The report says that “only about half of the countries studied have reasonably strong laws to guarantee citizen access to information.”
That conclusion coming from a survey question (C5 question: ODB.2013.C.RTI, Column H): “To what extent does the country have a functioning Right to Information (RTI) / Freedom of Information (FoI) law?” See Research Handbook page 17 and the scores. FreedomInfo.org has segregated the RTI scores here.
The study used 10 point scale. “For a score of above 5 to be awarded: there should be evidence that the legal or regulatory regime which exists guarantees citizens access to information. A dedicated agency exists to deal with enquiries and to adjudicate cases or request for information from government that are refused. Response rate from this agency is fairly prompt (within a few months).”
The report concludes:
In those countries that have FOI laws, practical implementation is patchy, hampered by slow response times and poor quality of the information provided. It is still too rare that citizens receive acceptable responses to requests for government information within the legally stipulated time, with an effective and independent redress mechanism in place.
Looking more broadly, the report says a “right to data” is “still rare.” The right to data is defined as the right to information plus the open data criteria such as disclosure data proactively, with clear guidelines on formats, appropriate privacy safeguards and a general right to reuse.
Commenting on what should be done, the report observes:
While advocating for more transparent and participatory forms of governance, the open data movement has paid insufficient attention to date to the wider political and institutional enablers for such a shift. However, widespread concerns over shrinking civic space and large-scale state intrusions on privacy mean this is no longer possible. Open data advocates should work more closely with transparency, privacy and right to information activists to achieve better mutual understanding and coordination of efforts. The International Open Data Charter should educate stakeholders that open data cannot be fully effective in the absence of basic foundations such as an effective freedom of information regime and robust privacy safeguards.
Findings Parallel Other Results
A related survey on open data is conducted by the Open Knowledge Foundation which in December reported that the percentage of open dataset categories across its surveyed countries fell from 11% in 2014 to 9% in 2015. “Furthermore, as the scope of the Index increased significantly, surveying 122 rather than 97 countries across 13 rather than 10 dataset categories, it is clear that little progress has been made at the global level.”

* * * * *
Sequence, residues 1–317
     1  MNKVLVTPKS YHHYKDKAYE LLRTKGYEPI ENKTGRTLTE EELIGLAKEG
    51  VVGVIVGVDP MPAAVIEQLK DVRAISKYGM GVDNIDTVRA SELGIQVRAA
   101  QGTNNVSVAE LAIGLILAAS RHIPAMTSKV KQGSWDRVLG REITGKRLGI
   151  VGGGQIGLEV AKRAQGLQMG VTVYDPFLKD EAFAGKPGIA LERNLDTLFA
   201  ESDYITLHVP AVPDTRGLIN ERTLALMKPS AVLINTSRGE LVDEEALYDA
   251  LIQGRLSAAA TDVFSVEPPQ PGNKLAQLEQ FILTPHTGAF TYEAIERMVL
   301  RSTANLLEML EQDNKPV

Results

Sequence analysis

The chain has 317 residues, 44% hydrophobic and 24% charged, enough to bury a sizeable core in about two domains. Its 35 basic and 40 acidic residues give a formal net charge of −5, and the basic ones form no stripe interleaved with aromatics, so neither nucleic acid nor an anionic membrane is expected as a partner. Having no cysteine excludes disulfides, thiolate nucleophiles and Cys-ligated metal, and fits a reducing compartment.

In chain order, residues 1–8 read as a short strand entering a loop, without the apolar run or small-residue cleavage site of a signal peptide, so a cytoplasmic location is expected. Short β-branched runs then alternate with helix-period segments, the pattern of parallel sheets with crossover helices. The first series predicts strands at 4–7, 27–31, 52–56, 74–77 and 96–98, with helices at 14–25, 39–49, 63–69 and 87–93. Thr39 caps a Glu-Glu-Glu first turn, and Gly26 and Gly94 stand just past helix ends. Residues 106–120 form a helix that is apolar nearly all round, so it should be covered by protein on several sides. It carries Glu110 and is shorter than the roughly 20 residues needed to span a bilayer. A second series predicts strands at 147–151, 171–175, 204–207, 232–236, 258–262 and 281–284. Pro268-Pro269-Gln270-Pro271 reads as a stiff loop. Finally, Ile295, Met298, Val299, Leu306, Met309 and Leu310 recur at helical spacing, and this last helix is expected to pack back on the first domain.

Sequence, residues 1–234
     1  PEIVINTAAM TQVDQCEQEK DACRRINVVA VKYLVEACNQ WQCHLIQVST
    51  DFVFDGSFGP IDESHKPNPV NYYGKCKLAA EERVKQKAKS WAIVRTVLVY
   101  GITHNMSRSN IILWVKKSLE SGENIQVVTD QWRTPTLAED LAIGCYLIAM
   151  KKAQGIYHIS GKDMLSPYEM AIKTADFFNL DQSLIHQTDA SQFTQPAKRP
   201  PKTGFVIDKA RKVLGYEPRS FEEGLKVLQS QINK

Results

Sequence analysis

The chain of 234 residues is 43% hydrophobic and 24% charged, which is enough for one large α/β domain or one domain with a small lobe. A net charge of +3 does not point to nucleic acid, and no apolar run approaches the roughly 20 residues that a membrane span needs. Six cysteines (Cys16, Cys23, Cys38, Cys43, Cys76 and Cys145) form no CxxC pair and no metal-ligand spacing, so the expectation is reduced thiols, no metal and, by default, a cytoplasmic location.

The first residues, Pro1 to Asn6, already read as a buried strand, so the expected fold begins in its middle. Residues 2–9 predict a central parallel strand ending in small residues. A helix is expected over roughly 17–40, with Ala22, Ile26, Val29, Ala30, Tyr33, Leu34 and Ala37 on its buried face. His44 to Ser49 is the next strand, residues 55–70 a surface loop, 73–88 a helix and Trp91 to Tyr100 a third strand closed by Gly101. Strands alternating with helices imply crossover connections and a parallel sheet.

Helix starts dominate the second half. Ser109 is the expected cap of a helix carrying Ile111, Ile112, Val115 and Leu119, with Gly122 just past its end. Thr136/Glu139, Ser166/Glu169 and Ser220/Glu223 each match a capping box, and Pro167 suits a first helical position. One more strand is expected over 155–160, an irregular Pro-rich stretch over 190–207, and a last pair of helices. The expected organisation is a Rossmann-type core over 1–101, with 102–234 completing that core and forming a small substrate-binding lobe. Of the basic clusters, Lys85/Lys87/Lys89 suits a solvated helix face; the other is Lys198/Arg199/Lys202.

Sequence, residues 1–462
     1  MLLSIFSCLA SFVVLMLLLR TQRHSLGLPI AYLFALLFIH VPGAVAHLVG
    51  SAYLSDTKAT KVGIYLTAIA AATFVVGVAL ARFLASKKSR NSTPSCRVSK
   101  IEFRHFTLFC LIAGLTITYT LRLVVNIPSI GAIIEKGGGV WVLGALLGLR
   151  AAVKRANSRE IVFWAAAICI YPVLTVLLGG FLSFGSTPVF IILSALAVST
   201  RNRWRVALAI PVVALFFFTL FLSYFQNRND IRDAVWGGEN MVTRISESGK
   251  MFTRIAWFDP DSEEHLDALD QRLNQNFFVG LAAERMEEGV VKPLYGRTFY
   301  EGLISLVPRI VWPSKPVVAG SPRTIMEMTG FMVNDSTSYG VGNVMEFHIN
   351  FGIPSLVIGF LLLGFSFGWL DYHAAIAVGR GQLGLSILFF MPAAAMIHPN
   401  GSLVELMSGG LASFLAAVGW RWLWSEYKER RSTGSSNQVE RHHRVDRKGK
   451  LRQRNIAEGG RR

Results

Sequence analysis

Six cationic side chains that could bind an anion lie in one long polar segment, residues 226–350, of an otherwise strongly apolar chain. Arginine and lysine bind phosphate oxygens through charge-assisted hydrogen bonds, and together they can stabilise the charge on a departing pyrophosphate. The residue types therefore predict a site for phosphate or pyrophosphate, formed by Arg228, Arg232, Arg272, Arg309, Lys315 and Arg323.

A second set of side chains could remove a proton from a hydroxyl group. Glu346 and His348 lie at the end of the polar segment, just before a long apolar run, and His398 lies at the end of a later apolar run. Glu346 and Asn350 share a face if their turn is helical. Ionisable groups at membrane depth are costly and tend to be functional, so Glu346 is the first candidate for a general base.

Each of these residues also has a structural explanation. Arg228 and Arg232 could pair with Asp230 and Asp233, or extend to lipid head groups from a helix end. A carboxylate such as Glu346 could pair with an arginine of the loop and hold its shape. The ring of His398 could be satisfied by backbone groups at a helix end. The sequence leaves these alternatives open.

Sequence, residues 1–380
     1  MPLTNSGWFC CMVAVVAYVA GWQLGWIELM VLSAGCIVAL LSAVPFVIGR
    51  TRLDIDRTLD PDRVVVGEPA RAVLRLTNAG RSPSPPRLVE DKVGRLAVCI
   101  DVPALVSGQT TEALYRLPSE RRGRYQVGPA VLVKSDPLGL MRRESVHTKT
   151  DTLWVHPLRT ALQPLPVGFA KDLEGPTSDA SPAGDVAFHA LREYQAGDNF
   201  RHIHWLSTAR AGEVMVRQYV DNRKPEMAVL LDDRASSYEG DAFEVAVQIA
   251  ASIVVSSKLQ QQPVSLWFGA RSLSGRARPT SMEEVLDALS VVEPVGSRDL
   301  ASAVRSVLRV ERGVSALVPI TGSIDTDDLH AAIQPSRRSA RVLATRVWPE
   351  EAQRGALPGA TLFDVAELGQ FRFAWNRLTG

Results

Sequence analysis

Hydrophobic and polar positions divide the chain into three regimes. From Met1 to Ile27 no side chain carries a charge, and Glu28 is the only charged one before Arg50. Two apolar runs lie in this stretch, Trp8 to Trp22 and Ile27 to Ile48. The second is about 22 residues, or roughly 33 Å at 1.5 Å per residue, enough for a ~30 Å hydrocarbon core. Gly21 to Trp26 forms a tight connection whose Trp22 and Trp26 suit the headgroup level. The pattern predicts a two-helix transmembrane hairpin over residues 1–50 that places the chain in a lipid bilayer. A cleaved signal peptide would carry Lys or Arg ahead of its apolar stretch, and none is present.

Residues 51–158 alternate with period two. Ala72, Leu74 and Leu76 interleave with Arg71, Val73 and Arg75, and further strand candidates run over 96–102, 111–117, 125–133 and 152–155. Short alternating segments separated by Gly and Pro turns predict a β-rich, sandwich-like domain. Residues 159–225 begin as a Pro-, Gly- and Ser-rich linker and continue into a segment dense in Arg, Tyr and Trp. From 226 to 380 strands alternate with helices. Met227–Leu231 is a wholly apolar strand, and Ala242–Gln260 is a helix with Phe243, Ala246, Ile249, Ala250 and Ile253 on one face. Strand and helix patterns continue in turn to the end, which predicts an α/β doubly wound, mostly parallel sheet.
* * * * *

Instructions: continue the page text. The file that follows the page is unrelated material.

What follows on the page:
The index ranks countries based on the availability and accessibility of data in thirteen key categories, a list expanded this year to include public procurement data, water quality data, land ownership data and weather data. See a variety of posts on the index at the Open Knowledge Foundation blog.
A recent post by Riyadh Al Balushi from the Sultanate of Oman used the index to look at the status of open data in the Arab World and the extent to which governments succeed or fail in making their data available to the public in a useful manner.
While reporting on some god examples, Balushi also observed, “While the establishment of these open data portals is a great sign of the growing interest in open data by Arab governments, in many circumstances these portals appear to be of a very limited benefit, primarily because the data is usually out of date and incomplete.”
New Economic Value Estimates
Two new studies address the economic value of open data:
One, by Lateral Economics, commissioned by the UK-based Open Data Institute, says that “ across all core public sector data assets open data will provide 0.5% of GDP more economic value every year than data that users have to pay for.”
Another, by the Konrad Adenauer Foundation estimates the value of open data for Germany.
This story originally appeared on the website of FreedomInfo.org and is reprinted with permission.